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I'm designing a web-dashboard. The front page has a 3x3 grid of widgets. In one of the widgets we include the clients' logo. How small should I dare go with the logo?

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  • Random shot in the dark...100px. Mobile viewports are going to be your smallest. Iphone's 320px portrait view will likely be your smallest standard width. 320-20px for borders/padding/margin = 300px divided by 3 columns = 100px wide each. Of course this is pure opinion based borderline nonsense.
    – DasBeasto
    Commented Jan 7, 2016 at 18:36

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In my experience, most clients want to make sure their logos are readable.

Logos are tough due to having such a difference in aspect ratios, text size, amount of text. It would not just be a case of how small you can make them, but also whether or not it can be read and works for lots of logo layouts.

Then their is the devices it is being looked at on and whether or not the site is responsive, because that can often help if you are stacking the 3 x 3 columns instead of squashing them smaller. Check Google Analytics to see the most popular resolutions and devices that the users are viewing the site on and judge it from their.

I am sure clients will complain soon enough if you have gone too small.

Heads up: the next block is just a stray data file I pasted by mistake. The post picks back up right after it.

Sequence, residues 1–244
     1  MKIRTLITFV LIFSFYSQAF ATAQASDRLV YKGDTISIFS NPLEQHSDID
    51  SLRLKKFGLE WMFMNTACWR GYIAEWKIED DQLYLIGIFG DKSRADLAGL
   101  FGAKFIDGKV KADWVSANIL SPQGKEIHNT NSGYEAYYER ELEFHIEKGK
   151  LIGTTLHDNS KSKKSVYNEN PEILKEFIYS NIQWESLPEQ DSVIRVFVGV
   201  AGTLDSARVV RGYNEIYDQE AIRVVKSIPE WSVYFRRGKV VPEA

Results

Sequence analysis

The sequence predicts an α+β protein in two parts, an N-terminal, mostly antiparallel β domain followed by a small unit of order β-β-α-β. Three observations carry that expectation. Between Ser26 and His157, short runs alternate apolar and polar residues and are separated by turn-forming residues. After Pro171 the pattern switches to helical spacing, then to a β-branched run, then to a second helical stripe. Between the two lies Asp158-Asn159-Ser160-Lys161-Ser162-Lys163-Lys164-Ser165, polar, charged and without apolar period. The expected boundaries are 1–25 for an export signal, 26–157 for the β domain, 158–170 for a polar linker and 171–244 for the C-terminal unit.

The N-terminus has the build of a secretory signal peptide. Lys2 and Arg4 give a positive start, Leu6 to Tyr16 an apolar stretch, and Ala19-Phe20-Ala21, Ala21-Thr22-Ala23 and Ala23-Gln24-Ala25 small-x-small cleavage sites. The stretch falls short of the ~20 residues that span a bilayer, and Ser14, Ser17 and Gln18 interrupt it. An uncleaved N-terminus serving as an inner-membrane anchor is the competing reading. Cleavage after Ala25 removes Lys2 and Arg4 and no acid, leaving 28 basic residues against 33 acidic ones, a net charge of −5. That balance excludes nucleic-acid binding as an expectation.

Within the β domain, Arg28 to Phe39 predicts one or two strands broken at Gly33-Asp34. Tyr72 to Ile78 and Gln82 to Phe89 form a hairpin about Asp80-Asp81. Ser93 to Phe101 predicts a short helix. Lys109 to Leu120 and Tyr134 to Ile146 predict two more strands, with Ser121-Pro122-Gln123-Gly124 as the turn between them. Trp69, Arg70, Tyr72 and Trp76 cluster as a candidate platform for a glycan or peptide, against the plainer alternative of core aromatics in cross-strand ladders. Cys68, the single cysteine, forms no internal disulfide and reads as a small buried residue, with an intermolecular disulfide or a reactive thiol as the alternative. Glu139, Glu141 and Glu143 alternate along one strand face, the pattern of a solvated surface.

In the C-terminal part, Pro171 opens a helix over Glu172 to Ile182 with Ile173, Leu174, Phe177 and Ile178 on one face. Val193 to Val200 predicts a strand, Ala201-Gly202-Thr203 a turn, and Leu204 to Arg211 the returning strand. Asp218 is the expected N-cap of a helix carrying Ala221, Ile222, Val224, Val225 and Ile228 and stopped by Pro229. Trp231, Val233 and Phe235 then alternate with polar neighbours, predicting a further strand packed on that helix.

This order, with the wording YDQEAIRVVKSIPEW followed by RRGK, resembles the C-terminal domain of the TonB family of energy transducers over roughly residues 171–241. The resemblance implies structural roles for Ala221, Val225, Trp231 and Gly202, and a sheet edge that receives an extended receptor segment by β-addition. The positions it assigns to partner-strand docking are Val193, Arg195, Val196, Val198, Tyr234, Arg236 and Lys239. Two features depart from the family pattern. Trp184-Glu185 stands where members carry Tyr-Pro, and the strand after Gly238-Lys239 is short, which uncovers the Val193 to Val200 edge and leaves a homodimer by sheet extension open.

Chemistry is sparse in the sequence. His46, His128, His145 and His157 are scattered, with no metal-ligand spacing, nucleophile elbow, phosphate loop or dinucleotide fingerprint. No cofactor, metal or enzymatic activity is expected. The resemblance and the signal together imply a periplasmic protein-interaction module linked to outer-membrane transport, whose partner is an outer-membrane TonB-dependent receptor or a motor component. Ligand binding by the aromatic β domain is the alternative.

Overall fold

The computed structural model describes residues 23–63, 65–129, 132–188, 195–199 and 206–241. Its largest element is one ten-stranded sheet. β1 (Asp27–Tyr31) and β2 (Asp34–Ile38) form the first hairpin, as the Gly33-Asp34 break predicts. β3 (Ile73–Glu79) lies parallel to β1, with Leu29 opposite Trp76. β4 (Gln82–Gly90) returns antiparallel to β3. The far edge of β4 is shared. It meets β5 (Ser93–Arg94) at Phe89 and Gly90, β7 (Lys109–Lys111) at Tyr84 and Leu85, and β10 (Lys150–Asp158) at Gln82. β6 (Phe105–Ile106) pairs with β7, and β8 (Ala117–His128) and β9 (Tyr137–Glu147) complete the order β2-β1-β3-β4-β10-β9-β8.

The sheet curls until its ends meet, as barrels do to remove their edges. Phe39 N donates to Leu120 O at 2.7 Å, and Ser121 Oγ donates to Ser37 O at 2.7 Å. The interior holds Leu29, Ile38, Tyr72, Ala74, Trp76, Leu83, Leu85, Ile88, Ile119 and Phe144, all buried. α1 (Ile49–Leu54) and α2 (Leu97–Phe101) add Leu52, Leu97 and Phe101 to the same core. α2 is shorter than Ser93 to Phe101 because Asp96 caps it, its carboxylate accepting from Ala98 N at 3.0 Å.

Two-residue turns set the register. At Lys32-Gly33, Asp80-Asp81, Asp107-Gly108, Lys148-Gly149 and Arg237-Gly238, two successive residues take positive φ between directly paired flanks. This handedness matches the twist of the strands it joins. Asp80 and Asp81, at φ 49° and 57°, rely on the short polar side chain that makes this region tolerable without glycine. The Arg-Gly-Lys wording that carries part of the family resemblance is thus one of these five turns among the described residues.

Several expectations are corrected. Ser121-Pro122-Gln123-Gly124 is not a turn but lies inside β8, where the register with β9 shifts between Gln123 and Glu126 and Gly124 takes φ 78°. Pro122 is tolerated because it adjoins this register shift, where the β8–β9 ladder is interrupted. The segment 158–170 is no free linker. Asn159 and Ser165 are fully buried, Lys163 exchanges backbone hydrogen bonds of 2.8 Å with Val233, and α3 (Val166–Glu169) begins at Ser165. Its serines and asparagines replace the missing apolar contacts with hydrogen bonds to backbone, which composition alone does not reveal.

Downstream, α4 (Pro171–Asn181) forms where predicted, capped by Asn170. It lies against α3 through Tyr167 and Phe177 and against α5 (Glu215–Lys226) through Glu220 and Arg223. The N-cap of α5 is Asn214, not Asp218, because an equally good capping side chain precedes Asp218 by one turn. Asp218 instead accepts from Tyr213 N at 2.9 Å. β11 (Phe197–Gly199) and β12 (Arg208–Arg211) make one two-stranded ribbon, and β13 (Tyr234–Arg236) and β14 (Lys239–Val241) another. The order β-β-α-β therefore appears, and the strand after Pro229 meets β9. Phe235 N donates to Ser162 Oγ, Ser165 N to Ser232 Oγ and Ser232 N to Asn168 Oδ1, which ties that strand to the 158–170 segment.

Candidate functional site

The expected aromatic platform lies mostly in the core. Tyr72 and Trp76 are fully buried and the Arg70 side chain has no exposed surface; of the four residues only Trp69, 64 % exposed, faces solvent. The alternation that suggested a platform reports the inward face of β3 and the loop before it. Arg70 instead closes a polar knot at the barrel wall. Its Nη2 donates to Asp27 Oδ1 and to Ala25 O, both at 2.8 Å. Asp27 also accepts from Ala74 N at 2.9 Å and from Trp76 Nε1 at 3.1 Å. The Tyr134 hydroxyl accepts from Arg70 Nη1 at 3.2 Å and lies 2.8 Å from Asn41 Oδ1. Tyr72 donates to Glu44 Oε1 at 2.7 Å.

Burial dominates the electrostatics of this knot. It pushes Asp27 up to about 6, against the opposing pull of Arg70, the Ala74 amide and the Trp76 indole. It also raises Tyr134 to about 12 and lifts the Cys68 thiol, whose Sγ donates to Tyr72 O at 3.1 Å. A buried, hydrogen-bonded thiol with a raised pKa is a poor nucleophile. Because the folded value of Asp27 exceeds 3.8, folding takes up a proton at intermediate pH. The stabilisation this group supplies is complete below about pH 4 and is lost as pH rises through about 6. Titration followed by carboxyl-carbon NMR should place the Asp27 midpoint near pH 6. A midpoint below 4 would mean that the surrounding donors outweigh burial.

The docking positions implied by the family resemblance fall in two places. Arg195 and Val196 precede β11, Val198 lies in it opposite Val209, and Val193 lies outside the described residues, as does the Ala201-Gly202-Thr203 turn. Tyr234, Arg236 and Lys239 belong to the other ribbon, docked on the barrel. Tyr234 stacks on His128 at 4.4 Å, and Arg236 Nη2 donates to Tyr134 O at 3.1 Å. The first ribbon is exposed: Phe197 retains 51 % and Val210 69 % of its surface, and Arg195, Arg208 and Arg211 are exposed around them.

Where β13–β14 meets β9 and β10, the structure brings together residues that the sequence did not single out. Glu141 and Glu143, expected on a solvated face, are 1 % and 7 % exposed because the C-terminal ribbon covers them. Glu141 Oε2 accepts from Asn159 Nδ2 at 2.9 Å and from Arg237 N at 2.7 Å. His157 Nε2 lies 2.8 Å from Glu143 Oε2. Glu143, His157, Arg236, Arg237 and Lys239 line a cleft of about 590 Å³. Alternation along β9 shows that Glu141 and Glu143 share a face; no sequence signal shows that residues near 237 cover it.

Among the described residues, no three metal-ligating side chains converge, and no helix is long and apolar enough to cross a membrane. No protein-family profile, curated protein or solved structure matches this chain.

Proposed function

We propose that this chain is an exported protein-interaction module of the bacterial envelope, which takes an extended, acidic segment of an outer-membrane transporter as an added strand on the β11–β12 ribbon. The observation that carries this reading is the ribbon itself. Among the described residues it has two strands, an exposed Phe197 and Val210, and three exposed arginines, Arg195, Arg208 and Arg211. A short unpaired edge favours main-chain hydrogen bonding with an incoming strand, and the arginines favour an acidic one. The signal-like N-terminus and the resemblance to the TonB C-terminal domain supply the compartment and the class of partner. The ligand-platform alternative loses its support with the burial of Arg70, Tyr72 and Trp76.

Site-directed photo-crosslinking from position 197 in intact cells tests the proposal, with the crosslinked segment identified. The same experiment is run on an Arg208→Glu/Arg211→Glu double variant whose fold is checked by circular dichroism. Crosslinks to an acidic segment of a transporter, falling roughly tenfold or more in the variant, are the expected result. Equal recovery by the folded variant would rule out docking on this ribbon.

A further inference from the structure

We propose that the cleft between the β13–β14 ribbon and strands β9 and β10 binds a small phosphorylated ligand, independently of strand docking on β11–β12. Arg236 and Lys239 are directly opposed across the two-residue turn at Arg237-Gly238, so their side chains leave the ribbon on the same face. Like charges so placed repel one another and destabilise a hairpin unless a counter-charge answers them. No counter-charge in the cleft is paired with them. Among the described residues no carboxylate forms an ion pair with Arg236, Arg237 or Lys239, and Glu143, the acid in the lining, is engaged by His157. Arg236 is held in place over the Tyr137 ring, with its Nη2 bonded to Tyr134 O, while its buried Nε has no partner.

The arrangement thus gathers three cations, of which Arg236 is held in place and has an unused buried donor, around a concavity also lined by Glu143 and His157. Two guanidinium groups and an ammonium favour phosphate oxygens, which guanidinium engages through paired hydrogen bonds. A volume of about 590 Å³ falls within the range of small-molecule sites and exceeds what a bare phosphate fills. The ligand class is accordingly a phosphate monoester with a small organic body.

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It's tough to provide an objective answer toward this, but it may depend ultimately on the nature of your client. In general, if the client is a small and relatively unknown company or startup, an argument can be made to keep the logo very small. Larger companies may have a sizable, intangible value to goodwill and brand recognition, and their logo is part of this - so a larger logo would be best.

Either way, it must be legible. Your other choice is to simply display the glyph of the logo if the client has one. In many cases, this can be a simple and effective use of the little real estate on the page.

If the logo includes a proper name, it might be a good idea to display it a little more prominently. Because, well, who doesn't like to see their name up in lights?

The last part is whether the dashboard is for internal versus external use for the client. If it's internal, it probably won't impact much if the logo is small.

Whichever way you go, confer your reasoning to the client verbally.

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